The adoption of more sustainable forms of transport (such as investing in electric vehicles and requiring the use of sustainable aviation fuels) will be crucial to reducing travel-related emission for sports organisations. However, it is likely that investment into carbon offsetting schemes will be required to fully mitigate the industry's emissions in this area.
Procurement risk and partnership exposure
International reactions to the climate discussions at COP26 showed that there is increased public attention on how businesses are mitigating their GHG emissions.
With that in mind, it is imperative for organisations within the sports industry need to ensure that the businesses with which they contract or promote as part of sponsorship arrangements reflect the environmental, social and governance (ESG) values of their own organisation.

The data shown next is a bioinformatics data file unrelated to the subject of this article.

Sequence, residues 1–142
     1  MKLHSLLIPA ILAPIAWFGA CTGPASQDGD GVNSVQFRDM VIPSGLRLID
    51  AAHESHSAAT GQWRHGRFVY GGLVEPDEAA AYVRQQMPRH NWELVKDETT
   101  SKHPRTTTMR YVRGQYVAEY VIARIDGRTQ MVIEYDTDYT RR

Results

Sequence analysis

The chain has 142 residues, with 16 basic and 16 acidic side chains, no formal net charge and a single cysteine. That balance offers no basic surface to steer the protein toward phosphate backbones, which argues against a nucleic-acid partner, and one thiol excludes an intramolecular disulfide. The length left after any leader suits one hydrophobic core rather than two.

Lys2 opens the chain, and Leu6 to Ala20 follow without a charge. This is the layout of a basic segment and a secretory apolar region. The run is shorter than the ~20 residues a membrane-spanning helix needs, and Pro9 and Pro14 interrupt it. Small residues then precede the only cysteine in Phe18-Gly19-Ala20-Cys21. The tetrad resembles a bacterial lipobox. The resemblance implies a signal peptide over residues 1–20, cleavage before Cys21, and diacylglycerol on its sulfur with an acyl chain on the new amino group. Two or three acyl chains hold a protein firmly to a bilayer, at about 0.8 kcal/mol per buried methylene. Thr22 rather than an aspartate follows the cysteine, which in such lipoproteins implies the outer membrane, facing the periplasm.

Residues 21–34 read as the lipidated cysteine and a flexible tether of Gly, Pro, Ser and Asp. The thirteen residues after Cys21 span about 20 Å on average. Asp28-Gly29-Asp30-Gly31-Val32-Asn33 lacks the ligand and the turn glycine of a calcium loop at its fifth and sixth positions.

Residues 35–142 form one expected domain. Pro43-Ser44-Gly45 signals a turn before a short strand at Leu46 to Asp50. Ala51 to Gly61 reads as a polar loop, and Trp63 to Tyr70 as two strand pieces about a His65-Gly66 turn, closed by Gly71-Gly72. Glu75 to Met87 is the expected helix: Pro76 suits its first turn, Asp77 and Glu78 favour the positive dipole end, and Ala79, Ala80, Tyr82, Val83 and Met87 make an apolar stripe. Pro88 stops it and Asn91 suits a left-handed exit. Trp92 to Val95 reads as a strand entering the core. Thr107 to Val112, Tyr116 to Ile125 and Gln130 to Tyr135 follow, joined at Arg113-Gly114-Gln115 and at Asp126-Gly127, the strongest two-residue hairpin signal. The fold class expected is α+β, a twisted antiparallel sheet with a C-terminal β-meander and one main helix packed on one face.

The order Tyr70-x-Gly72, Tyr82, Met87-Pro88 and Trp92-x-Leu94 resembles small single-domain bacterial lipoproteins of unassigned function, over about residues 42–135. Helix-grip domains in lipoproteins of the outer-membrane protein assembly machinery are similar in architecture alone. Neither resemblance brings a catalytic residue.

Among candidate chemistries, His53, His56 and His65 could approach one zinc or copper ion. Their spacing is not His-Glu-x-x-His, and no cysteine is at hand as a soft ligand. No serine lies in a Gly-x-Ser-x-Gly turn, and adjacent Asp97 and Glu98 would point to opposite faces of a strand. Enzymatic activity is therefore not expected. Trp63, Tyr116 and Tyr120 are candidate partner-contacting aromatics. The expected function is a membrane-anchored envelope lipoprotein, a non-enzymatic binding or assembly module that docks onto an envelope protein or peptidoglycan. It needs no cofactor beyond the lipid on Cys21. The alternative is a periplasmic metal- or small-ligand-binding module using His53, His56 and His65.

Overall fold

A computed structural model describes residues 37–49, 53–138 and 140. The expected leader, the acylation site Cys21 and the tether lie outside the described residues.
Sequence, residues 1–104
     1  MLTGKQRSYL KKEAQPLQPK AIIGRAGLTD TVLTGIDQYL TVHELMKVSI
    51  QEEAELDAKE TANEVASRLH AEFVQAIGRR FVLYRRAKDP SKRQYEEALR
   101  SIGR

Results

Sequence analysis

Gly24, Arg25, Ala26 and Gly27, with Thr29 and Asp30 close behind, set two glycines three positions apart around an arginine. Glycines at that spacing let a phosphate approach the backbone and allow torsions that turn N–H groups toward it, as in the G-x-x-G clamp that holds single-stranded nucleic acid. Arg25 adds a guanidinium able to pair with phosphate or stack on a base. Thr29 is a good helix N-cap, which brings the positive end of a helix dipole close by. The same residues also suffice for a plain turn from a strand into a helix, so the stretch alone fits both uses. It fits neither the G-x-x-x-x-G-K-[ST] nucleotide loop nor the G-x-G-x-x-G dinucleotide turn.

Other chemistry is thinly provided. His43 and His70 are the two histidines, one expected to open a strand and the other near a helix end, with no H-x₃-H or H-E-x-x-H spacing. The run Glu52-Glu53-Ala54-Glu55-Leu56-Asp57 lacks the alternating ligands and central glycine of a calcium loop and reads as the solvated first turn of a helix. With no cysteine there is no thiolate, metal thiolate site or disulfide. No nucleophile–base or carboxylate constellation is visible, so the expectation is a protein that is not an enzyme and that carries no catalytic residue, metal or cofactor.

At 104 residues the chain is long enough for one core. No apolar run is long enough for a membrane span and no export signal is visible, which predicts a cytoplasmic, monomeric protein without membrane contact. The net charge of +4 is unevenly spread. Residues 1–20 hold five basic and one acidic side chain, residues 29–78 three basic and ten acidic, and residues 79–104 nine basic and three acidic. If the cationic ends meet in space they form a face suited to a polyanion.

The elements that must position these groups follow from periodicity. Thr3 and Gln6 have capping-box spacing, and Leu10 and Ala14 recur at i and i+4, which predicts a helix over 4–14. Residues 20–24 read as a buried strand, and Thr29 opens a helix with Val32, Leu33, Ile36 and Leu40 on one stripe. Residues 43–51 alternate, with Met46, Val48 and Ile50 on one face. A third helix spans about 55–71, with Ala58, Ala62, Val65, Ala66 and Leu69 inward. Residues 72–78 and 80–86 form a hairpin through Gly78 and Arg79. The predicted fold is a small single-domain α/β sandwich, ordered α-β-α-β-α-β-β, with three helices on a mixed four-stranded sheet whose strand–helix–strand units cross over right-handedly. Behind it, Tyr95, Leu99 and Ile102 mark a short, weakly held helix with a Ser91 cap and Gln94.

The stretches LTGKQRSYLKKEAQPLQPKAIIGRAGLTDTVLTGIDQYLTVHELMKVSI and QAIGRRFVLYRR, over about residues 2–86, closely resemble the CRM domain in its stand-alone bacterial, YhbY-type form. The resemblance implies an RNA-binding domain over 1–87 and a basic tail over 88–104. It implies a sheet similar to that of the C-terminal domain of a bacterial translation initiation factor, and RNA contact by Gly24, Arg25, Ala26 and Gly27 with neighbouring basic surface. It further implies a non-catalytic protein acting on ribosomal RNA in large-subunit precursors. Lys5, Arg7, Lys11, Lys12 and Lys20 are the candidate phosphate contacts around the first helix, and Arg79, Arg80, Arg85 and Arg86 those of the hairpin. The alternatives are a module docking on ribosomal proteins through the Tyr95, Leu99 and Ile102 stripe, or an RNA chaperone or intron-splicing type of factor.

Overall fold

In the event that the suppliers and sponsors with which a sports organisation is associated fail to deliver on net-zero commitments and ESG strategies, this may damage the environmental credentials of the sports organisation and have a knock-on impact on the organisation's own environmental performance through its Scope 3 emissions.
Sports organisations should conduct a review of their supply chains to determine the environmental performance of the participants. Similarly, when entering into partnership agreements with sponsors, organisations need to determine whether sponsors have robust net zero plans in place and what other ESG initiatives are being pursued by them.
Osborne Clarke comment
Given the public exposure which the sports industry enjoys, it is crucial that organisations within it take responsibility for promoting sustainable business practices and demonstrate climate leadership through their own operational and procurement decisions.
In 2021, Osborne Clarke commissioned a report from Economist Impact which looked at decarbonising technologies for cities. The report highlighted various technologies that could be instrumental in assisting the sports industry with its net-zero journey.